Bold Films acquires a Blank Slate

Fans of Joss Whedon’s most recently canceled series “Dollhouse,” listen up! There’s a new movie project that may interest you.

As The Hollywood Reporter noted, screenwriters Doug Cook and David Weisberg (The Rock, Double Jeopardy) sold a script to Bold Films and the plot sounds a little familiar.

Slate, described as a female-oriented take on The Bourne Identity, involves the CIA which, in order to investigate a murdered female agent, implants the agent’s memories into the damaged brain of a female convict. The agent’s lethal abilities also are implanted, and soon the convict goes rogue to discover the truth about the murder.

I remember watching the first six episodes of “Dollhouse” and I never once blinked at the idea of all the memory erasing and re-writing that they did in that show because the technology was sufficiently “shiny” enough to where I decided to believe in it. Somehow, I can’t seem to wrap my brain around the idea that this would work in a feature film featuring the CIA. Mind you, this is coming from the same person who completely bought into The Men Who Stare at Goats and Stranger Than Fiction.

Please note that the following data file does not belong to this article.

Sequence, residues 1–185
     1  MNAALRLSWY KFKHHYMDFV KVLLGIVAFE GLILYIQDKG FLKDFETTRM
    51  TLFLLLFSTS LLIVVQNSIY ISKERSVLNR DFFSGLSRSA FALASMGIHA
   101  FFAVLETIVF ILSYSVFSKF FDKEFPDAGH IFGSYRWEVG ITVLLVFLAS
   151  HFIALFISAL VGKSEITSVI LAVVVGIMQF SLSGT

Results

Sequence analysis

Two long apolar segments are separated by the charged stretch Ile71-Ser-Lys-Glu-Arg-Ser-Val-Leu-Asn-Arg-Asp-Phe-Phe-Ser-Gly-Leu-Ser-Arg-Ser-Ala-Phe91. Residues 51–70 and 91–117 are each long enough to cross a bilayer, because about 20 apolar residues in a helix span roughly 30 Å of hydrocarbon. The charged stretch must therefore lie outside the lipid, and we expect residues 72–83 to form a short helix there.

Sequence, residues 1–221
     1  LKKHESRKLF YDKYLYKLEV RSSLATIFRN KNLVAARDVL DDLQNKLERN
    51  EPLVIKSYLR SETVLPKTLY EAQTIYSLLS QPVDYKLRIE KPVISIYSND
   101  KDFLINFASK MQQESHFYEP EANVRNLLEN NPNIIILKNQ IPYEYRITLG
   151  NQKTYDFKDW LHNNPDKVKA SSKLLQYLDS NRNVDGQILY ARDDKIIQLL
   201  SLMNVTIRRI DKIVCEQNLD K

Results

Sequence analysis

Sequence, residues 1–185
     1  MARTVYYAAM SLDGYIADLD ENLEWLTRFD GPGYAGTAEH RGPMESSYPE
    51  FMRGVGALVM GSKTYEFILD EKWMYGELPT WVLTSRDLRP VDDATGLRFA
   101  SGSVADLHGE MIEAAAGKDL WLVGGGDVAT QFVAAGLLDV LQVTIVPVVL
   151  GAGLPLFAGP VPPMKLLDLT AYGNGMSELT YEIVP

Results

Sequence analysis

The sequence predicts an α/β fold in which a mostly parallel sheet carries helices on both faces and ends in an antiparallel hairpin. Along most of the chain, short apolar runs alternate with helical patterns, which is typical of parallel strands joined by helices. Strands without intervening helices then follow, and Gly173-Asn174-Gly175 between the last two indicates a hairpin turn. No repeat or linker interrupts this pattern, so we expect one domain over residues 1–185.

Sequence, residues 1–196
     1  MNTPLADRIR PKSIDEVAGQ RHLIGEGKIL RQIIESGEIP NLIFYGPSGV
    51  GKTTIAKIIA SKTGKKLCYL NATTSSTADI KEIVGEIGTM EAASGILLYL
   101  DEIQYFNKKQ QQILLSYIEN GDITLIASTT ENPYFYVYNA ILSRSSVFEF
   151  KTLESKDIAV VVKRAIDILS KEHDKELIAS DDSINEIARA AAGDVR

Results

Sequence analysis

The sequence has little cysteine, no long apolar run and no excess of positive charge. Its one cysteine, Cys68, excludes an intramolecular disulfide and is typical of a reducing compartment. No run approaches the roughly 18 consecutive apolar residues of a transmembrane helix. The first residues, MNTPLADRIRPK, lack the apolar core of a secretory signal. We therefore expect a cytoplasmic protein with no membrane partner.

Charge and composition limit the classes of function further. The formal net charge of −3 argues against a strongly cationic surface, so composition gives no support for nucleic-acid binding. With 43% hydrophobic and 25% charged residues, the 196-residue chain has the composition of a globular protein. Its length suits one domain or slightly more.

I’m also looking at Bold Films’ slate and am a little confused about who they are as a production company. The first film they produced was a drama called Slingshot (2005) which starred David Arquette, Thora Birch, Balthazar Getty, and Juliana Margulies which means that from the get-go, their producers had access to a lot of the right people.

However, they also produced the third sequel to Paul Verhoeven’s Starship Troopers which went direct-to-DVD, and managed to enlist the talents of not only the original screenwriter to write and direct this one, but they brought back Casper Van Dien to play Johnny Rico and got him Jolene Blalock (T’Pol from “Enterprise”) to be his co-star. This says to me that they’ll produce almost anything to make a buck, but at least they’ll try to make it interesting.

Most recently, they released the Paul Bettany-starring Legion in January, which has a 19% fresh rating on the Tomatometer, but made $40 million in the U.S., adequately covering its $26 million budget.

This is so confusing to me. If the producers at Bold Films have the right people in the right place, have good relationships with screenwriters, and can pick out the average money-making scripts, why is it that their movies just haven’t been that good?

Posted on March 22, 2010 at 06:03 by Trisha Lynn · Permalink
In: News